Denver’s new airport rail line has experienced severe glitches since opening, including malfunctioning crossing gates and a lightning strike that shut down the entire line for seven hours, among other problems. Transit officials assured the public they were just getting the bugs out of the system. But now, more than six months after it opened, the bugs are still thriving.
The crossing gate problem is so severe that the Federal Transit Administration has threatened to shut down the line until it is corrected. The contractor that built and operates the line tried to claim the lightning strike was an act of God, so the contractor shouldn’t be held responsible, but Regional Transit District (RTD) officials responded that they had pointed out the company’s design was vulnerable to lightning as early as 2013, yet the company did nothing to fix the flaw. Meanwhile, the system continues to perform unreliably.
Now RTD has been forced to admit that two other lines being built by the same company won’t open on time. RTD claims that it saved money by entering into a public-private partnership for the line in what is known as a “design-build-operate” contract. In fact, it saved no money at all, but was merely getting around a bond limit the voters had imposed on the agency. If the private contractor borrows a billion dollars or so and RTD agrees to pay the contractor enough to repay the loan, the debt doesn’t appear on RTD’s books. Taxpayers will still end up paying interest in the loans, which actually makes it more expensive than if RTD had stayed within its debt limit.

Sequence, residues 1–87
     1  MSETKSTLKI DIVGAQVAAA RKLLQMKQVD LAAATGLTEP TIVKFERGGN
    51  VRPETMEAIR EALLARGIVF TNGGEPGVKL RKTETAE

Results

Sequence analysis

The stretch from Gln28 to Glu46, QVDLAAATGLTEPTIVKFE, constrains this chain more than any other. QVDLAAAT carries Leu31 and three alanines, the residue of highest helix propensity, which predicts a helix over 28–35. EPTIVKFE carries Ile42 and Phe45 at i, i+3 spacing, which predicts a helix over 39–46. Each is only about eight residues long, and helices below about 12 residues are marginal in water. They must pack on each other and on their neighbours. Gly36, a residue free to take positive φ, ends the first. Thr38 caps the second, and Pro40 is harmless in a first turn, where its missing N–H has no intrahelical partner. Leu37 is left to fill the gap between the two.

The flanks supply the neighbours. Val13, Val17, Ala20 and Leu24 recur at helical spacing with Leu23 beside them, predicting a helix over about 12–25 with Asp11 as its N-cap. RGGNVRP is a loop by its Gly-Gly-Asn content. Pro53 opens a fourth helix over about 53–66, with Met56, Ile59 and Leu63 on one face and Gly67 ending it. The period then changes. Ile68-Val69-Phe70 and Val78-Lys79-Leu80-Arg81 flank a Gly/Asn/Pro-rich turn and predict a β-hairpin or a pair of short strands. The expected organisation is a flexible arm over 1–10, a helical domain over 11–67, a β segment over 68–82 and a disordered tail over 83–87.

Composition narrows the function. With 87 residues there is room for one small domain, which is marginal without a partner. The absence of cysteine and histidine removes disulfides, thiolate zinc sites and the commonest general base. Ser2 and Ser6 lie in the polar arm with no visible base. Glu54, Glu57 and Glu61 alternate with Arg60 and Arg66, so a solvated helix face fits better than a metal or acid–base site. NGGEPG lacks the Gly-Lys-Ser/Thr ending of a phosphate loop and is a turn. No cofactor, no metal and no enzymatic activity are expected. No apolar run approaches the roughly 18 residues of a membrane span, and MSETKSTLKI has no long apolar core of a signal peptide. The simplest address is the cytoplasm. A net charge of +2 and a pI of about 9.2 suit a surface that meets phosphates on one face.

Public-private partnerships work great if the private partner is funded out of the user fees collected for the project, such as a toll road or water system. But I resent the way the transit industry has co-opted the term, public-private partnership, because their kind of partnership works differently. Instead of being dependent on fares, the private partner gets a fat check from the agency each month–up to $3.5 million in this case–whether anyone rides the train or not. This means the private partner has little incentive to make sure the system is working. RTD has withheld a portion of the monthly payments until the problems are solved, but eventually the contractor will get all of the money.
The solution isn’t for the agencies to build the lines themselves. The solution is to completely avoid megaprojects that aren’t funded out of user fees. Without the discipline of user fees, everything that’s happening with the A-line should have been expected.
Randal O’Toole directs the Transportation Policy Center at the Independence Institute, a free market think tank in Denver. A version of this piece originally appeared in his blog, The Antiplanner.